Then Alexander conquered all of Persian Empire and he founded the Hellenistic dynasty in Iran. Alexander hoped for the fruitful union of Europeans with the peoples of Middle East. In his effort to reach this goal, he encouraged the massive settlement of Greek and Macedonian soldiers in Mesopotamia and Iran. Trying to establish strong bonds with the Iranian nobility, Alexander married Roxana, daughter of the most powerful of the Bactrian chiefs, and required 80 of his officers and 10,000 of his soldiers to marry Persian women in a mass wedding in Susa. However, Alexander's plans to bring about the union of the Greek and Iranian peoples ended when he was struck with fever and died in Babylon.

In 247 B.C Parthian Empire ruled in Iran. Parthava (Parthia) was a territory southeast of the Caspian Sea, inhabited by Parthians, a semi-nomadic people of Aryan stock. It had been annexed to the Achaemenid Empire during rule of Cyrus the Great, and had remained an Achaemenid satrapy until Alexander's invasion. Two brothers, Arsaces and Tiridates led an uprising around 250 B.C. and overthrew the Seleucid ruler. Arsaces was then proclaimed the first king, and his name became the honorific title used by all subsequent Parthian monarchs, who were generally known as the Arsacid. By 200 B.C The Parthians were firmly established on the northeast of Iranian plateau. In 224 A.D the last Parthian king, Artabanus V was killed in a battle against his former vassal in Fars, Ardashir Babakan, and the throne of Iran passed into the hands of the Sasanians. Despite the Parthians' unhappy end, their regime was the lengthiest one in Iranian history - almost five centuries.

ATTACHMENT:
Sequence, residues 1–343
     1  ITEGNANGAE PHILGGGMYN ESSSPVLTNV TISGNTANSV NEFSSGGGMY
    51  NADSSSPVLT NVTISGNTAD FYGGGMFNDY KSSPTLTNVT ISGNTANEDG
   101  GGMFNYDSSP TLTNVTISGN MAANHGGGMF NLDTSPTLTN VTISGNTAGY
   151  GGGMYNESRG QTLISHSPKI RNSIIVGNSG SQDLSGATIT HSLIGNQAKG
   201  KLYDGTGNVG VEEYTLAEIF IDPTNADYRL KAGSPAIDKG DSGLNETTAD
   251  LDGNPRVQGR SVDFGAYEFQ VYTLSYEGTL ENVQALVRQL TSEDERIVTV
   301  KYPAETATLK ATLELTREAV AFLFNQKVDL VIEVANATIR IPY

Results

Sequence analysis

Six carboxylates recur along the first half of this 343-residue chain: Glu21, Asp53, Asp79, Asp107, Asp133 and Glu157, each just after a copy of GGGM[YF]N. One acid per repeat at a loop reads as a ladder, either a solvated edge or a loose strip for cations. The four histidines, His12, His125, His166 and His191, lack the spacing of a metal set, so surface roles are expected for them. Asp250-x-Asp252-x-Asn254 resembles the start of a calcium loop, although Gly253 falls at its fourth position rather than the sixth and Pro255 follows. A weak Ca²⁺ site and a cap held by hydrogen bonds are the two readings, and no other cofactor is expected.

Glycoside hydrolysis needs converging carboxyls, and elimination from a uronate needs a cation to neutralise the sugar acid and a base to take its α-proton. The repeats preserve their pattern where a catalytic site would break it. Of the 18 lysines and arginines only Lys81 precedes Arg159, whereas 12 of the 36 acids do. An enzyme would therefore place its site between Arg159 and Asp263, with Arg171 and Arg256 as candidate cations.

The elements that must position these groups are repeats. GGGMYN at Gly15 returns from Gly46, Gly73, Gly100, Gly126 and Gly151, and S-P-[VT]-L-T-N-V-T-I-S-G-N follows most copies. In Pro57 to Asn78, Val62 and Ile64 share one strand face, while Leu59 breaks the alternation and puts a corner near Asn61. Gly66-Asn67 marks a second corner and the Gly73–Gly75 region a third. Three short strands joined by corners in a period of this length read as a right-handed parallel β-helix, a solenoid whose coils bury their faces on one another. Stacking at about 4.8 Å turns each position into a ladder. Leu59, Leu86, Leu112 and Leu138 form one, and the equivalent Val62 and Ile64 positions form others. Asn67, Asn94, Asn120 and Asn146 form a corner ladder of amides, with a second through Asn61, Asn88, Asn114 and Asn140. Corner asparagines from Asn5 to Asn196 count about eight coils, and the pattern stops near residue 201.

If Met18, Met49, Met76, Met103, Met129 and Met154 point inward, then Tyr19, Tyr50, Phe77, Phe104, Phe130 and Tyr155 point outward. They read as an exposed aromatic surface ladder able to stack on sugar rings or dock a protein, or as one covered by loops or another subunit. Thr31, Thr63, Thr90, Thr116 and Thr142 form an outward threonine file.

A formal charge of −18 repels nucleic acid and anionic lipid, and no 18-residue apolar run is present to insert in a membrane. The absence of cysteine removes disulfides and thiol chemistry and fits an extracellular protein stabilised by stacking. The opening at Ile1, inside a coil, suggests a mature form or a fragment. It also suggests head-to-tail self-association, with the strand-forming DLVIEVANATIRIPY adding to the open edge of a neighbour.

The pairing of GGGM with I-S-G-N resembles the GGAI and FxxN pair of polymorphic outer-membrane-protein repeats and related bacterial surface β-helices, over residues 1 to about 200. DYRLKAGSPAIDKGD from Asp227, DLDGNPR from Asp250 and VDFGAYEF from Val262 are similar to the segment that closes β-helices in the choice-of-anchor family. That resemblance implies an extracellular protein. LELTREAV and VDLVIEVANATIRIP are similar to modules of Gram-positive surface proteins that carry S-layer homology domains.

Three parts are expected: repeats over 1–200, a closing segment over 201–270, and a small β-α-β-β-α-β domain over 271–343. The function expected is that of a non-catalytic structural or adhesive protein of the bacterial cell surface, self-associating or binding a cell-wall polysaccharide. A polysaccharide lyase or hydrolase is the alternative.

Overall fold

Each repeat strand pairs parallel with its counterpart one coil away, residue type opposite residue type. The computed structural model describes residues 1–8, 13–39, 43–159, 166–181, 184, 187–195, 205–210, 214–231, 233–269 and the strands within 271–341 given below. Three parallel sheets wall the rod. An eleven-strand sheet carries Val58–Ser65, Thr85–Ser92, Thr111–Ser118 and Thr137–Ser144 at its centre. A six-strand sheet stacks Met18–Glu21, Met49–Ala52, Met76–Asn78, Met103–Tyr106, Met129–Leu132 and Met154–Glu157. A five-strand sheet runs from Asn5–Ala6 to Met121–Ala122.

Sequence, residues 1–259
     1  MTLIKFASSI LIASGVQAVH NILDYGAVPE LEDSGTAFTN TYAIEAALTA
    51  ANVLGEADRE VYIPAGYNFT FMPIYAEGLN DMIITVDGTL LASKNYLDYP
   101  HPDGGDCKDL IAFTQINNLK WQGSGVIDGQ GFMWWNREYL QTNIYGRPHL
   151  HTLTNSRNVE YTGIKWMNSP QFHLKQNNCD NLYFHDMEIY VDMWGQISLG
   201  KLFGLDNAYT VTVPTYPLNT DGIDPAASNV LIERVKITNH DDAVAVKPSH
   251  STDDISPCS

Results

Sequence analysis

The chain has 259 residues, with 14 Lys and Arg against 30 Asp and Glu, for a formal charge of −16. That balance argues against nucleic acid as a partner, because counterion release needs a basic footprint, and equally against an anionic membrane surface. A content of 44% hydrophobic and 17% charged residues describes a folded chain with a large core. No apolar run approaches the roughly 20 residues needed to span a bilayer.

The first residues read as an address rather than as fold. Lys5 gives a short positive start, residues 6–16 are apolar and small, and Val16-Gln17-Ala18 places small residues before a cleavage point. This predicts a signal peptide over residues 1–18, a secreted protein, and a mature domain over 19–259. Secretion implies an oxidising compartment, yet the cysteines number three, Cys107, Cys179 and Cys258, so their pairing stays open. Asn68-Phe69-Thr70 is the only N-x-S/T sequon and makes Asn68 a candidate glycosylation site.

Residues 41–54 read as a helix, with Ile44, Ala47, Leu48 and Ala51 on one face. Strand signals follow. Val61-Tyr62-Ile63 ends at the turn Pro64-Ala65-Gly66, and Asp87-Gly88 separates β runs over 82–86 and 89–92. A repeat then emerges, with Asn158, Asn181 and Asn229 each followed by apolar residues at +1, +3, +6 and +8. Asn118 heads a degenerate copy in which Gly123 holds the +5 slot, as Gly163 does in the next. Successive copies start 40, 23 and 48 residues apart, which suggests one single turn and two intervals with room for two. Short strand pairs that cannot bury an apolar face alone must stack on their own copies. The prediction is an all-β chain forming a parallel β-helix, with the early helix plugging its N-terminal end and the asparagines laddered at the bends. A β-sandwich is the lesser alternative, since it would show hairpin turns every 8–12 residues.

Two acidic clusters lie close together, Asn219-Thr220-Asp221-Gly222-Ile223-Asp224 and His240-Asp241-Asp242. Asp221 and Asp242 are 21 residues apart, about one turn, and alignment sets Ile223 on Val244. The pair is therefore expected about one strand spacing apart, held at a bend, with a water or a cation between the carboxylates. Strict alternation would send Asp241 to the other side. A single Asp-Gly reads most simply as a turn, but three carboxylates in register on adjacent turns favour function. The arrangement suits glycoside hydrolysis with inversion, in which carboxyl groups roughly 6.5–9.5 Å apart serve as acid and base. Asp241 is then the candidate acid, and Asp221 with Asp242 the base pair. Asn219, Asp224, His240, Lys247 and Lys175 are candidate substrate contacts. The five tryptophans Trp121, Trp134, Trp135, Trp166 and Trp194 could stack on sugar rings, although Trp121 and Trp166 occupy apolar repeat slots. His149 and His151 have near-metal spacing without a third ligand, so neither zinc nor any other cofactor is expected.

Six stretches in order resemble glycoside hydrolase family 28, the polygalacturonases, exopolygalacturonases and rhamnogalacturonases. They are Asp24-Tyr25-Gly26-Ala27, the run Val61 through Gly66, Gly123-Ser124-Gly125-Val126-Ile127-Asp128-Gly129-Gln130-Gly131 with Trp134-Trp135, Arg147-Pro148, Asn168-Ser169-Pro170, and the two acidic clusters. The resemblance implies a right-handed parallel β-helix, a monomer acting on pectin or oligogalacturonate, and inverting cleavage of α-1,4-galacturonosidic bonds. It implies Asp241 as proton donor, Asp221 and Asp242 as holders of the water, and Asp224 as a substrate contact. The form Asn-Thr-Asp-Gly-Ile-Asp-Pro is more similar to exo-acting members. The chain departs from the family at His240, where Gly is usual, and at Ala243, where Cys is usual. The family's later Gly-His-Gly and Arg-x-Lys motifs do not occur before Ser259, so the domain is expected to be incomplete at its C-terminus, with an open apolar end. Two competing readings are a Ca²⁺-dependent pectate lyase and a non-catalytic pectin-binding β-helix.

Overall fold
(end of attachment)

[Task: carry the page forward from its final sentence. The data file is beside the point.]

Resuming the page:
The Sassanid dynasty rose to power as a result of the successful struggle of Ardashir Babakan, not only against his Parthian overlord, but also against a multitude of neighboring rulers. Ardashir was a son of Papak/Babak, a local king of Persis (Fars) who was a descendant of Sasan, landlord and priest of Temple of Anahita in Estakhr. The Sassanid dynasty was named for sasan in the same manner as the Achaemenid was named for Achaemenes and the Arsacid for Arsaces. The Sasanian Empire reestablished the Iranians as a superpower. For the next four hundred years, it would be recognized as one of the leading world powers in late antiquity.

Map of the Sassanid, Byzantine and Muslim borders

The Sasanian Empire at its greatest extent c. 620, under Khosrow II

By the Arabs invasion, the history of ancient Iran came to an end and the Islamic dynasties was started. The Arabs, who put an end to the Sasanians' rule, were in large part impelled by their missionary zeal for the spreading of a new religion, Islam, rather than by a desire for mere conquest. This invasion led to the decline of the Zoroastrian religion and Iranians have become Muslim.

  Arab Invasion & Islamic Empires